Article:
When it comes to most schlocky action films, you know exactly what you’re going to get: a whole lot of nothing but stupid ridiculousness. Is it going to be well made stupid ridiculousness, though? That’s the key, but not often the case. You’re obviously not going to get any thematic depth from any of the Fast and the Furious films, but they at least follow the basic rules of screenwriting to keep you entertained and invested. You know who the characters are and their relationships to each other. You know their motivations, their desires, and even get to witness an arc to their characters along the way. Pair all that that with some exhilarating action sequences, silly one-liners, and a decent sense of self-awareness, and you can maybe have yourself a grade A, rollicking good time. Maybe.

In Alabama, a dangerous Category 5 hurricane is approaching, causing a majority of the town to evacuate. For whatever reason, the United States treasury schedules a pickup of $600 million from the mint facility during this intense storm. Unbeknownst to Treasury agent Casey (Maggie Grace), her partner Perkins (Ralph Ineson) has decided to stage a heist for the cash, bringing along a super cool team of hacker robbers for the job. With nowhere else to turn, Casey turns to meteorologist Will (Toby Kebbell) and his deadbeat brother Breeze (Ryan Kwanten) to stop the heist and survive the apparent “largest storm in the history of the world”. Yep, sounds like a plot to a movie with the title The Hurricane Heist, all right.

This is no doubt the worst written film I’ve seen in theaters in quite some time. None of the characters have any characterization that goes beyond the depth of a thimble filled with water. Breeze is a lazy military vet with no goal in life. Casey is an upstanding treasury agent who just wants to do the right thing while doing her job. Perkins wants to rob the mint facility so he can retire. Will wants to… well, I’m not really sure. He kind of just observes the hurricane coming and gets mixed in with the situation. Aside from Perkin’s reason to steal the cash, everything with this film is completely driven by plot, and not by character. Random characters will just turn on each other and take sides without any real reason. Some make incredibly stupid decisions that don’t make any sense. Not to mention there are way too many of them to keep track of.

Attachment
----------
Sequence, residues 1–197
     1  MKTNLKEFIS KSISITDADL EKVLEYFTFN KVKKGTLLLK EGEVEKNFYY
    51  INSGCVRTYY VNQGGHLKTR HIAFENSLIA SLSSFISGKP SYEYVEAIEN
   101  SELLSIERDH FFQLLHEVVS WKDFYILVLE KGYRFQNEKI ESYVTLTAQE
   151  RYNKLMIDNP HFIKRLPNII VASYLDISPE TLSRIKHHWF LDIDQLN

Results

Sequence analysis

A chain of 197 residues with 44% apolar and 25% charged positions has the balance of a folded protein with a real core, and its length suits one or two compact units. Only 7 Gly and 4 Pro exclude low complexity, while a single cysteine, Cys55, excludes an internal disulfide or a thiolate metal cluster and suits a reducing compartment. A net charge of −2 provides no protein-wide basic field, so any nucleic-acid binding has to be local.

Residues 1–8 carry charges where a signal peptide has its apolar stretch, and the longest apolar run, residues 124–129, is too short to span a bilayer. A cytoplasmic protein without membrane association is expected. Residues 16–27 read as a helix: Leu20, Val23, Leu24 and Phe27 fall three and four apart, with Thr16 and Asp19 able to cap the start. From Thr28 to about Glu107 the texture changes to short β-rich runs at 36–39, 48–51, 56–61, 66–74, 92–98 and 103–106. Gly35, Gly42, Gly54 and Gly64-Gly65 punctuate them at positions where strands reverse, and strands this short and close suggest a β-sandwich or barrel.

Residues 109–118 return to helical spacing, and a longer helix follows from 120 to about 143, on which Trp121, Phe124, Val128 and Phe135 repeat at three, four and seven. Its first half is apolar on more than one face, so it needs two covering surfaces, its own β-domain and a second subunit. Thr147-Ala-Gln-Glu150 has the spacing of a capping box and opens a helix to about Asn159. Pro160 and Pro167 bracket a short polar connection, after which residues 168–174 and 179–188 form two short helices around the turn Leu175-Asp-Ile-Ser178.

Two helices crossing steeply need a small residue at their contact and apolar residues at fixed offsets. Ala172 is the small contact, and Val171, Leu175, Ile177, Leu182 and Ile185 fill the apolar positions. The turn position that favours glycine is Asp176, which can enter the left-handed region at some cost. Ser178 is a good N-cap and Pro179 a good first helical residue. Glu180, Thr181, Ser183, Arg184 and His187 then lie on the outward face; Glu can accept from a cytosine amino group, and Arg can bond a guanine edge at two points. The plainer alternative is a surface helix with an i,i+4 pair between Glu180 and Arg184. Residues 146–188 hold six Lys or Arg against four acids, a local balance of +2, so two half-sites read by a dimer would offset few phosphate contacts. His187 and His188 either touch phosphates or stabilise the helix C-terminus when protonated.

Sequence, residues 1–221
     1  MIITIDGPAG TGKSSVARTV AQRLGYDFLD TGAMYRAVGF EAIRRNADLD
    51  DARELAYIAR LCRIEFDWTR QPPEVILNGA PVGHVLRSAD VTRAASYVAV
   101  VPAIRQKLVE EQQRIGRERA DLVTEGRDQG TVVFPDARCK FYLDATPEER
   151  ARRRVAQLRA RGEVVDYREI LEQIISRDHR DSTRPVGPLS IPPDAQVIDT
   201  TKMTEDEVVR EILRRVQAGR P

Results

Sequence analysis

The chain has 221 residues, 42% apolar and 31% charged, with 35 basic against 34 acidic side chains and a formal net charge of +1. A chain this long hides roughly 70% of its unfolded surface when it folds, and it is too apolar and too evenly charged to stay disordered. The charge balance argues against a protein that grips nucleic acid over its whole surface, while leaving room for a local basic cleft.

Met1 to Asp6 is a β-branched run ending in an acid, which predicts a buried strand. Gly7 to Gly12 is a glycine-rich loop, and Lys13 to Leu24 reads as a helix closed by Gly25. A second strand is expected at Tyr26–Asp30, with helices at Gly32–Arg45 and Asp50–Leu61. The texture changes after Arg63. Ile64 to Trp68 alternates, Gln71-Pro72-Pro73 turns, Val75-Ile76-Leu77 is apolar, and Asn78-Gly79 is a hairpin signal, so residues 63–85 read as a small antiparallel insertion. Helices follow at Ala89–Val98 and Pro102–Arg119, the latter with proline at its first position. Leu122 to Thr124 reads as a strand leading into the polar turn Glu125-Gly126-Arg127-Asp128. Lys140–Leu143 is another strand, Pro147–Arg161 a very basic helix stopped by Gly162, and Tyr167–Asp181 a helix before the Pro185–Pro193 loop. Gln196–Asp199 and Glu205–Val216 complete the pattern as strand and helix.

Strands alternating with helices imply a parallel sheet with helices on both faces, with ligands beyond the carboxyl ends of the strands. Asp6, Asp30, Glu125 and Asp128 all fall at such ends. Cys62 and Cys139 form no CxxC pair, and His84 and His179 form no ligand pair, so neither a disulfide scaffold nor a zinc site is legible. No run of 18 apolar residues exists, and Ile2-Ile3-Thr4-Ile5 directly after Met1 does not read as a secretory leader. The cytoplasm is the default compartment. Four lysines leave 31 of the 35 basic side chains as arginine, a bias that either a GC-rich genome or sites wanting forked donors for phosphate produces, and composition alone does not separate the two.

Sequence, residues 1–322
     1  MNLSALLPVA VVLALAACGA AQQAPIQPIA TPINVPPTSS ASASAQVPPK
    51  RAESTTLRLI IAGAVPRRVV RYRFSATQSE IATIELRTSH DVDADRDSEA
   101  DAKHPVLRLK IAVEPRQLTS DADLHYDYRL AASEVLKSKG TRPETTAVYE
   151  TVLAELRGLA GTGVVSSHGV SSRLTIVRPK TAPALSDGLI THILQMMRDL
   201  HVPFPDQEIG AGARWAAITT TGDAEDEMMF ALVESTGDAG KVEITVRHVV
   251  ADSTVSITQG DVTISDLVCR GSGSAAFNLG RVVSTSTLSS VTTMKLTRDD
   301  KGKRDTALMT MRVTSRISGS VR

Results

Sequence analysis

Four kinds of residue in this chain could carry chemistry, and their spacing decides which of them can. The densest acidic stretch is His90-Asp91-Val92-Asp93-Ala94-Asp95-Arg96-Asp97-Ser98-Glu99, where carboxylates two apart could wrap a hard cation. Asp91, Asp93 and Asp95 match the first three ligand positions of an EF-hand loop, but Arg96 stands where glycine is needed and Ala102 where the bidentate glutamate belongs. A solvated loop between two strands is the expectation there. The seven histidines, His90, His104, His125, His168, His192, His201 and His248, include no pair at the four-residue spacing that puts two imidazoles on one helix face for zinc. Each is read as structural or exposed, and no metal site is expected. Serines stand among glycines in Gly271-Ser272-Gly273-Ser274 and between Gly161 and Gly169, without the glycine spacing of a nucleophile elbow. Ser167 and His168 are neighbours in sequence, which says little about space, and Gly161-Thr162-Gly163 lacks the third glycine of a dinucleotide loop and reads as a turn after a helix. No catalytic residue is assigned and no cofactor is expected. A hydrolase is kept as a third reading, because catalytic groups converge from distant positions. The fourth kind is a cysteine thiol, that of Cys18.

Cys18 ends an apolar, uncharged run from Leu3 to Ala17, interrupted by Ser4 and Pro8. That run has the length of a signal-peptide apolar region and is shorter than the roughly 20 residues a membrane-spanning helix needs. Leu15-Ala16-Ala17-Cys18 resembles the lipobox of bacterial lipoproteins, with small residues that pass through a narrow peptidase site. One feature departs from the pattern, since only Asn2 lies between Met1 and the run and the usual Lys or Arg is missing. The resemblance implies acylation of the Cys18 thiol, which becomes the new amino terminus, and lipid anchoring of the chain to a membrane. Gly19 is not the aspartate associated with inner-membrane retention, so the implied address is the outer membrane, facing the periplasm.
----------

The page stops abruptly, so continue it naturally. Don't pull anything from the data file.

So, after the laughably bad opening scene that basically rips off Twister, the events are pretty much immediately kicked off, cutting back in forth between our many characters. I was horribly confused during the first act, not knowing who the characters were and what their relationships were to one another. The writing, directing, and editing is awful all across the board, sometimes causing characters to just teleport to a location with no bother to show us how they got there. With a hurricane constantly escalating, you think the film would have some energy to it, but there’s nothing. No intensity, no tension. While he’s never really made a good film, director Rob Cohen at least has a nice eye for scenery and camerawork. Almost the entire film is in grey and blue hues, with clouds and rain constantly blocking out the sky, giving the film a kind of gloomy atmosphere. There are also some really nice looking dolly and crane shots here and there, but it’s mostly kind of flat. 

Speaking of flat, all of the attempts at humor fall flat on its face. That doesn’t mean that I wasn’t having constant giggle fits throughout, although it probably wasn’t the laughter the filmmakers intended. Aside from Ryan Kwanten and a very entertaining (if scenery chewing) Ralph Ineson, every performance is godawful. Toby Kebbell as Will, the world’s dumbest meteorologist (“Maybe we can figure out how to stop these storms for good.”) is the cream of the crap crop. His slackjawed gaze and attempt at a Southern accent borders on parody, so of course he gets to do the most talking. Almost every line of dialogue from him got a chuckle from me, but that goes for a lot of dialogue for pretty much all of the characters. Kebbell was almost bested (I guess “worsted”, if that’s even a word) by Melissa Bolona, the female half of the “hip and cool” hacker couple. It’s been a long while since I’ve seen dialogue delivered so stilted, or silly facial expressions so woefully timed. From the acting, the direction, the editing, the writing, and the effects, I don’t think there was one moment where I wasn’t completely taken out of the film by some bizarre creative decision. 

The most bizarre thing of all is that it didn’t seem like anybody was trying to make anything intentionally bad here. It all seems earnest in its intent, wanting to provide the audience with a simple, fun action film. Unfortunately, they failed. Less than ten minutes in, I was already thinking to myself, “This doesn’t even feel like I’m watching a theatrical release.” It felt like I was watching what was originally pitched as a Syfy Channel original movie, but they probably turned it down due to lack of sharks. Not like the addition of sharks would have made The Hurricane Heist any dumber than it already was. There’s absolutely no attempt to craft a compelling narrative or characters. Just a thin plot to lead the characters from one action scene to the next, and even those aren’t anything to write home about. Even then, The Hurricane Heist kind of gave me exactly what I wanted. I expected to be in tears from laughter and that happened during one scene, so I would say it’s enough to recommend to bad movie aficionados. That’s about all it’s good for.


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